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Reorganizing India’s Supply Chain

Emerging markets are back in vogue with investors. After riding high for several years, global economic conditions caught up with many of these countries and as such, growth slowed and for some countries, there was a retrenchment. Now, more countries are opening their doors to global commerce. The opportunities are great. Consider these major findings from PGIM:

  • Emerging Markets will collectively be the primary drivers of global growth over the next decade.
  • Emerging Markets, combined, represent 60% of GDP on a purchasing power parity basis.
  • Emerging Markets, combined, will contribute over 90% of global population growth and global middle-class spending between 2017 and 2030.

India’s Great Potential

Many countries including those in Africa, the Middle East, Latin America and most of Asia-Pacific can be considered emerging markets but perhaps one of the most highly publicized emerging market due to its potential is India. According to the World Bank, India’s economy is expected to expand 7.2% for 2017.

India is set to emerge as an economic superpower thanks in part to its young population. In fact, according to Deloitte, India’s potential workforce is set to grow from 885 million to 1.08 billion in the next twenty years and hold above that for half a century.

Historically known for its highly regulated environment, recent years has found India introducing policies that are expected to transform the way business is conducted. However, examples such as demonetization and the introduction of its Goods and Services Tax have temporarily disrupted supply chains and the economy in general. But, according to Shobana Kamineni, president of the Confederation of Indian Industry, “What’s going to happen is a reorganization of the entire supply chain network — consolidation of formal retail, movement of goods — the entire transition is for the future, and that’s where GDP will kick up at least two points.”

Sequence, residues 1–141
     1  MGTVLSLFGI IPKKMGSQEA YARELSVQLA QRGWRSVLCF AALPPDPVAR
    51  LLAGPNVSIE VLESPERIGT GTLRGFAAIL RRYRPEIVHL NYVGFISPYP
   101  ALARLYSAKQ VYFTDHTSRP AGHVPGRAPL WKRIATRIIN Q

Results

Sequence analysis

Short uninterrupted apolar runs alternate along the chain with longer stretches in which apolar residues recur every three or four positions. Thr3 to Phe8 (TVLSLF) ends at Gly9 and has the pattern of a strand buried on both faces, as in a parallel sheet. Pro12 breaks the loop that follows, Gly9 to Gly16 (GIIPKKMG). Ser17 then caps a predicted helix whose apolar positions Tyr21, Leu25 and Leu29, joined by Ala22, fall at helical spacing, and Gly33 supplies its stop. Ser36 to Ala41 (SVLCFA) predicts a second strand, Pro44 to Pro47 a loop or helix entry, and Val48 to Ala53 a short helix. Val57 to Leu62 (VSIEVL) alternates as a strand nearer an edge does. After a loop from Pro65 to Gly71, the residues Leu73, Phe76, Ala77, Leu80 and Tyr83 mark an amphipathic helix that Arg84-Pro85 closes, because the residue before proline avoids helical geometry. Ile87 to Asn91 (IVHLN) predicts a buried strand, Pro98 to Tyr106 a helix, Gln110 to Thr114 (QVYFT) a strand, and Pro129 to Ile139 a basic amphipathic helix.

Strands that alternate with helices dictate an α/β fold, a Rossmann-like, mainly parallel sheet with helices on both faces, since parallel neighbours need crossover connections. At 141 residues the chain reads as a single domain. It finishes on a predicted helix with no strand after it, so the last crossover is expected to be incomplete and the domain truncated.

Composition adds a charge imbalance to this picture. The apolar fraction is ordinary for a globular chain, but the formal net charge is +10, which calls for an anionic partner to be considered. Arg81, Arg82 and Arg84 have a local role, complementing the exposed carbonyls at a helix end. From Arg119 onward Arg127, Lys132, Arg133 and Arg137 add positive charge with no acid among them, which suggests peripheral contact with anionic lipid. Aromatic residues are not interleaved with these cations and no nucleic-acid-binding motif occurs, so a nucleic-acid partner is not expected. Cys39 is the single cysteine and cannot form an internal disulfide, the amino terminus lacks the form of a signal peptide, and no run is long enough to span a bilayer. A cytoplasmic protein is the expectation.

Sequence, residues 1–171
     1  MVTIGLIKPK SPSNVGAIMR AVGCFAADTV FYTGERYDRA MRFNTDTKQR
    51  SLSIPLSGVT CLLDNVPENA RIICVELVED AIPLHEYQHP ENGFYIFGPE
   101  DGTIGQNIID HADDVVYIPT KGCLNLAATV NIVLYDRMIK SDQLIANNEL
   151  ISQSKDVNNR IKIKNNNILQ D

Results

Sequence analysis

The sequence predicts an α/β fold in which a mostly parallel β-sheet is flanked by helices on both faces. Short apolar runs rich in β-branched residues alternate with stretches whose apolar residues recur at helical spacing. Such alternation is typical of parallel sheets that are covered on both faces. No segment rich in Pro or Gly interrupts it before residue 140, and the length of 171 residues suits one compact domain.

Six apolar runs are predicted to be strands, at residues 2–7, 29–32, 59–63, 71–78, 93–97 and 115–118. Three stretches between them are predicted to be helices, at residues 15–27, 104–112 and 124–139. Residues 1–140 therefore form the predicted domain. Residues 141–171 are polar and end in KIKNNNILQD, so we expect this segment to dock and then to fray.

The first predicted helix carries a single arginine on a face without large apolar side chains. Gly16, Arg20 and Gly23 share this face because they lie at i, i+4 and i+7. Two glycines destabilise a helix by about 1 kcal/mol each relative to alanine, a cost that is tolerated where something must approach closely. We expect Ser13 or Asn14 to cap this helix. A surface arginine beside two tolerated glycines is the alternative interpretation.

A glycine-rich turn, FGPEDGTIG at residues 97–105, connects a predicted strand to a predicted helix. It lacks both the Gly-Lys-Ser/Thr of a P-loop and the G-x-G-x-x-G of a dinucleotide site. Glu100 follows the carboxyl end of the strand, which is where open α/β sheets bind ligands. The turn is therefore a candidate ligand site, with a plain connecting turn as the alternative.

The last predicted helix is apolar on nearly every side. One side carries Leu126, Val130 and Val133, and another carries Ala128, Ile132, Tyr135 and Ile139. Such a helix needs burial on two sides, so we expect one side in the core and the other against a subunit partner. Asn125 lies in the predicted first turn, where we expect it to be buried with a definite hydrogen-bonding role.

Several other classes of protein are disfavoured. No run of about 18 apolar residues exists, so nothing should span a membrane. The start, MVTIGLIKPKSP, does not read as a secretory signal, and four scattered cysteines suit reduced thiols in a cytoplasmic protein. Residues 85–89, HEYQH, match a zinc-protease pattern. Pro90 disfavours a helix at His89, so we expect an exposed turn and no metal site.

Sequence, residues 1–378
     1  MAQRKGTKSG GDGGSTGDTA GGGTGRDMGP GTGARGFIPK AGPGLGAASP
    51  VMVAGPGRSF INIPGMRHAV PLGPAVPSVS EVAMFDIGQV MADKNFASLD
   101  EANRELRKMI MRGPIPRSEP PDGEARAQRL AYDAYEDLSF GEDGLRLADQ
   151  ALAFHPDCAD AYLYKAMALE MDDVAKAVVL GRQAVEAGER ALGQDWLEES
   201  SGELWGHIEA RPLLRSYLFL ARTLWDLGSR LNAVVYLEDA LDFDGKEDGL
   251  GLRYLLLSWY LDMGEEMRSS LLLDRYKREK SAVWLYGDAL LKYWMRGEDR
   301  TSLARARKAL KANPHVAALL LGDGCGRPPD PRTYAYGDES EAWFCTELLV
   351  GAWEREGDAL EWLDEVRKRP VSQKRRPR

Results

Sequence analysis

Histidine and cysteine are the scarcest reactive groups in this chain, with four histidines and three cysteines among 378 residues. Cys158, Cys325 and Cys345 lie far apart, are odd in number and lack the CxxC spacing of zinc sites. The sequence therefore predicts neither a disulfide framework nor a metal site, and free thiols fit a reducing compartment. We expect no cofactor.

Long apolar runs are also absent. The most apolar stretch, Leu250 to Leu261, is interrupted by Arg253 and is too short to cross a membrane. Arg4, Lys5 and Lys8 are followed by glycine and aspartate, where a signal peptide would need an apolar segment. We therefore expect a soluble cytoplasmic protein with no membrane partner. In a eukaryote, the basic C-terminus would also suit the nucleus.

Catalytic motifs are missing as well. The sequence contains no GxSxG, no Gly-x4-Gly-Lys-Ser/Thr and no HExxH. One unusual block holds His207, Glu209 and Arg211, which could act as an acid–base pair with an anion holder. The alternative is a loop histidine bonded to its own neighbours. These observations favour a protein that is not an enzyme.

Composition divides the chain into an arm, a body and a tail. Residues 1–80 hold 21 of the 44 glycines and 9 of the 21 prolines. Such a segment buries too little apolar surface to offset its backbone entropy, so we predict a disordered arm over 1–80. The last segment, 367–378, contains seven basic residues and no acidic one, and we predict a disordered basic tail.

Reorganizing India’s Supply Chain

India’s logistics costs make up about 14% of the country’s gross domestic product and as noted in an Economic Times article, Assocham Secretary General D S Rawat said, “Appropriate policy changes and opening up capacity together with increase in speed for transportation of goods and services through various modes viz., rail, road, water and others is imperative for the growth of cargo and logistics industry in India.”

Indeed, infrastructure remains a concern often resulting in delays and higher rates as well as poor visibility of shipment movements. Despite the healthy logistics competitive environment in the Indian market, the management of shipments continues to be problematic.


India’s technology startup ecosystem is rich with talent and experience. Too numerous to list all here, we did, however, have the pleasure of chatting with one of these start-ups, Freightbro, which is looking to make the management of freight shipments easier.

Founded in 2016, Freightbro has built a platform that allows forwarders to quote and manage rates for all modes of transportation. In fact, the company’s InstaQuotes has proven to decrease the cost of sales by 50%.   Other components of the platform include InstaOps for procurement and vendor management and Open Dashboard for shipment status and e-docs management. Co-founder Anand Babu recently noted to YourStory, “We provide forwarders a competitive edge by converting them from a physical paper-led business to a digital forwarder without investing a fortune in technology.” Currently, there are 25 freight forwarders and customs brokers working from their platform.

By improving the efficiency of booking and managing shipments, Freightbro is helping to lead the way to reduce India’s high logistics costs and to set the country on its path to economic superpower.

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